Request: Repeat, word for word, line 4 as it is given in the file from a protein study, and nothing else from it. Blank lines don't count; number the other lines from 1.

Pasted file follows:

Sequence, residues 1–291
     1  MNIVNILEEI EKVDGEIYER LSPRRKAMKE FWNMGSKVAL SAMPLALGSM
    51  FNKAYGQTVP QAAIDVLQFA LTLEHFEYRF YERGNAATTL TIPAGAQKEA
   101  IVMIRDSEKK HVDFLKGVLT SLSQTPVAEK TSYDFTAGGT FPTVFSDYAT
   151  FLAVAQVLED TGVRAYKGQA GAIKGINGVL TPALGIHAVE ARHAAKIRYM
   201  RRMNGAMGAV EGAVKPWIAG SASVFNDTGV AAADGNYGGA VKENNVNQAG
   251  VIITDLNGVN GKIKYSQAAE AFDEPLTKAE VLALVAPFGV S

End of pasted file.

   101  IVMIRDSEKK HVDFLKGVLT SLSQTPVAEK TSYDFTAGGT FPTVFSDYAT